Life expectancy amongst affluent men rising faster than the rest of the UK

In our second longevity trends research report, in collaboration with the PLSA, we find that life expectancy of affluent men in the UK is rising faster than any other group.

26 June 2017

Pension schemes need to recognise continued rise in longevity as over half of liabilities are in this group.

  • Between 2011 and 2015 affluent men continued to see strong rises in longevity, equivalent to 17 weeks of extra life expectancy while other groups saw no increases.
  • Often half (or more) of a pension scheme’s liabilities will be in this ‘comfortable’ group.
  • Having an insight into the socio-economic dynamics of longevity trends has never been more important.
  • Recent divergence in life expectancy amongst socio-economic groups is likely to be caused by a combination of factors including flu, economic slowdown, harsh winters and access to social care.

Life expectancy amongst affluent men in the UK is rising faster than any other group, and faster than the national trends seen over the last five years, according to a Longevity trends report published today. The report from the Pensions and Lifetime Savings Association (PLSA) in conjunction with longevity experts, Club Vita – suggests that this trend could have significant implications for Defined Benefit (DB) pension schemes as typically over half of their liabilities will be in this ‘comfortable’ group.

The report shows that between 2011 and 2015 men in the ‘Comfortable’ group1 continued to see rapid rises in longevity, gaining 17 weeks of life expectancy. This maintained the trend of steadily increasing longevity from the previous 10 years.

In contrast, for men in the ‘Making-Do’ group2 and ‘Hard Pressed’ group3, life expectancy has remained unchanged since 2011. For women, life expectancy has increased a little since 2011; increasing by 4 weeks for the ‘Making-Do/Comfortable’ group and 9 weeks for ‘Hard-Pressed’ group.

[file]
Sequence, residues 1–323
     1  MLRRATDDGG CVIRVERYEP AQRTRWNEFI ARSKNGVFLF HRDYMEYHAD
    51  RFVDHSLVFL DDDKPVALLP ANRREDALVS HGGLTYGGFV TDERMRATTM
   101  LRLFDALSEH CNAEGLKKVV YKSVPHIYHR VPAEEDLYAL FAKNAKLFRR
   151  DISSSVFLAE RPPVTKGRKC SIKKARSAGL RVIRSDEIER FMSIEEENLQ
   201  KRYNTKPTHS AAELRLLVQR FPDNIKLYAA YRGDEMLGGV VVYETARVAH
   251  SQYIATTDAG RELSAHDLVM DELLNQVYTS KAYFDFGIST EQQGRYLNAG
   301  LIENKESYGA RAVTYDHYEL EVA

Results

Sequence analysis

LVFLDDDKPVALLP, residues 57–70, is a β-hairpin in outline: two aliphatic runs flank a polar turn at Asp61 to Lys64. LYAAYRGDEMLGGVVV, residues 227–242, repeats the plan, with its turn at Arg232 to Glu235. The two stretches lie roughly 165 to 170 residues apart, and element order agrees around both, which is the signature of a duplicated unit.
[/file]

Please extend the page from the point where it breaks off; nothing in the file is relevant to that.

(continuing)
Commenting on the importance of the findings for pension schemes, Steven Baxter, Head of research and development, Club Vita says:

“For pension schemes, having an insight into the socio-economic dynamics of longevity trends has never been more important. Trustees of DB schemes are faced with tough decisions to make. Standard actuarial projections have shown a slowdown in rising life expectancy and some have even questioned whether DB schemes should be funding for future, uncertain, increases in longevity. However, our evidence that life expectancy is still rising at the same pace amongst affluent males is highly significant.

“For the majority of DB pension schemes the liabilities are concentrated amongst the more affluent men. This group appear to have been resilient to the events of recent years. It is vital that schemes recognise this to ensure they are using appropriate longevity assumptions. Gone is the day of ‘one size fits all’ for longevity projections.”

Commenting on the reasons for the divergence, Steven continues: